Because the title is rather long I know without translation that it must contain a certain level of information. With translation it’s clear that the title is rather accurate and leaves no uncertainty about its content. As there is little text in the whole book it gives off the feeling of a city guide for visitors to Rome.
The book is parted into several chapters dividing the engravings in the different categories of fountains, giving the reader a better overview. Although I am not sure, it seemed to me, that the chapter at the beginning contains all important fountains and with every chapter the fountains grow wilder. Indicating that the engravings are sorted by their location in the city. The big ones near the center are in the first chapter and then with every chapter you move further away to the suburbs and then to the city boarder.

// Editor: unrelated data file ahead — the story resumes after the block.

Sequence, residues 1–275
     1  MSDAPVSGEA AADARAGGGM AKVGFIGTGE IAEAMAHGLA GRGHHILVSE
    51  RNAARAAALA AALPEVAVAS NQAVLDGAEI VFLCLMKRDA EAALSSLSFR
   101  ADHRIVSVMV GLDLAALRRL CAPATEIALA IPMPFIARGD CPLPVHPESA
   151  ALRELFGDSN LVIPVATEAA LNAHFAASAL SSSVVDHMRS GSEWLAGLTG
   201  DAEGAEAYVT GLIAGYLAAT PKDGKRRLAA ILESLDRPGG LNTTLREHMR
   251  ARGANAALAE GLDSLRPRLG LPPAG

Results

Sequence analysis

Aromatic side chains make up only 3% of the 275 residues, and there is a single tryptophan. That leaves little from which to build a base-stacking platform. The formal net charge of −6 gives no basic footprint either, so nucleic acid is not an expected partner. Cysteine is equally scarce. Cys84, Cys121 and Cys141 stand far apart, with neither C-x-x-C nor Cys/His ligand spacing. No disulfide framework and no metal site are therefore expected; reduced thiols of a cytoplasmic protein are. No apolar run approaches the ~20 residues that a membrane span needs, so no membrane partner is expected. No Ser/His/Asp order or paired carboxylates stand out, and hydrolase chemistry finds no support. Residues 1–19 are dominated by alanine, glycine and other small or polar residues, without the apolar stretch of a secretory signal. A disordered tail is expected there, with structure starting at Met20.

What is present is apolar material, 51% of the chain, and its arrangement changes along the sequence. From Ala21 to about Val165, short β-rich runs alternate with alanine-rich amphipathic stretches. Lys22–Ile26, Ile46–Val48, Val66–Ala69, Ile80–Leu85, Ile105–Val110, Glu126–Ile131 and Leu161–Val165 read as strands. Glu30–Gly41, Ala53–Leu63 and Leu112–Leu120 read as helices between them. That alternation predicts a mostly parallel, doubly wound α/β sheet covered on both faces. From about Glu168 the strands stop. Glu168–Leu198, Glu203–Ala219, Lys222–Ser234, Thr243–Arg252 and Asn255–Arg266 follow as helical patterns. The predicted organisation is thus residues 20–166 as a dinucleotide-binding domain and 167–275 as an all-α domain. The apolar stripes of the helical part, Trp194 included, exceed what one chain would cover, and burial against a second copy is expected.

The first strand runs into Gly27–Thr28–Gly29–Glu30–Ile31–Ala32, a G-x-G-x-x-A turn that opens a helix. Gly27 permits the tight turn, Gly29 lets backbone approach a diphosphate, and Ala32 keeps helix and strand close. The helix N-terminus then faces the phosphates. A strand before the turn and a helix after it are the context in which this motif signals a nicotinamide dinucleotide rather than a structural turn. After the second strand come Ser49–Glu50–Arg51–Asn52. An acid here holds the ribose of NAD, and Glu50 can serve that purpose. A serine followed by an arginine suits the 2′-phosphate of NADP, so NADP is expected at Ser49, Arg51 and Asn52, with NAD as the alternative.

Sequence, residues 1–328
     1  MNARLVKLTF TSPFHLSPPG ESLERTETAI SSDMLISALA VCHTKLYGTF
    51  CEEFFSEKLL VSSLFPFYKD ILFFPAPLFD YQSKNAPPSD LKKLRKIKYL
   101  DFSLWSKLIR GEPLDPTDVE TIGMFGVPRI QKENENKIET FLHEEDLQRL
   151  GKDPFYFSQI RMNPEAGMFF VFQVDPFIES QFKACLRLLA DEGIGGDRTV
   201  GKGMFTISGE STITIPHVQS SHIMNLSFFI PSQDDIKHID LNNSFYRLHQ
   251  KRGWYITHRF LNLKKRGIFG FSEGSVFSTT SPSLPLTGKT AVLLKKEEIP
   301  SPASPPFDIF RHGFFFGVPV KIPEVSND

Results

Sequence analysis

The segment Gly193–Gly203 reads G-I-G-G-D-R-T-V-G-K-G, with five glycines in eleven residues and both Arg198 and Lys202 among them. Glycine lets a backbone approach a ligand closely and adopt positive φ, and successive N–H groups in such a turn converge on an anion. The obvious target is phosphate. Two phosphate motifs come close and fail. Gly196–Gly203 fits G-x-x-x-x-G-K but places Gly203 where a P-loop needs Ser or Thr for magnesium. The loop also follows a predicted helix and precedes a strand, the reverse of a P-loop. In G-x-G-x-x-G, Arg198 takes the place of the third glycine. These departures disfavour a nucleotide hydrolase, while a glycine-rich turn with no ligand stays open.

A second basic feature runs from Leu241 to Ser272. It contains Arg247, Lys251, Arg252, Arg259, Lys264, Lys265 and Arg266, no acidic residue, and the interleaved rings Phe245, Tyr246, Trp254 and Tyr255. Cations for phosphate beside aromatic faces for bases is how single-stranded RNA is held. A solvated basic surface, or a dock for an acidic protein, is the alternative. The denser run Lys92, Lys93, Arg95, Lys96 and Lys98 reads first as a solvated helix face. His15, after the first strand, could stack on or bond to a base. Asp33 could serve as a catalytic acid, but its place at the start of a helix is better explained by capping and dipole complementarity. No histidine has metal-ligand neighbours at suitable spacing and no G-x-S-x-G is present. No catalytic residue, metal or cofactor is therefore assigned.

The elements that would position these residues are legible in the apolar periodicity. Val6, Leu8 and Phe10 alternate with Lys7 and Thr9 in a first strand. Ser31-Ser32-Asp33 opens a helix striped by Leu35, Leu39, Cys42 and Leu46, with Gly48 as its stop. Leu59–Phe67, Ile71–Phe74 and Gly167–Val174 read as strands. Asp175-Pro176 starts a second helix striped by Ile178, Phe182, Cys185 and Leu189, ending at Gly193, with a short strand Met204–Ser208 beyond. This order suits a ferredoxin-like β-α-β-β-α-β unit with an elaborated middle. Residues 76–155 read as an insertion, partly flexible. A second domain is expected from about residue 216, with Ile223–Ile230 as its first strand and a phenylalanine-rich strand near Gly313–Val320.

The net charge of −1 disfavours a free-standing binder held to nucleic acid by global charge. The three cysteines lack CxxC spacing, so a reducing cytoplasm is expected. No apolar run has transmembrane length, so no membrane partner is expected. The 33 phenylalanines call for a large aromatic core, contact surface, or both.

Considering the illustrations are engravings, made in copper, bronze or other soft metal, supports my theory of the city guide. While this technic of „making images“ comes with great expense, once made its long lasting and reusable for several times. The only down side of the city-guide-theory is the size of the book. The pages are quiet large (around A4), thus providing a lot of details but rather bulky to carry along.
In summary, the book remains me of a collection of engravings like the ones of Giovanni Battista Parinesi. Just like him, Giovanni Battista Falda is an artist of engravings and releases books with illustrations of Rome. The other famous one is about the places in Rome. Fulda was an apprentice to De Rossi, one of the most known at there time.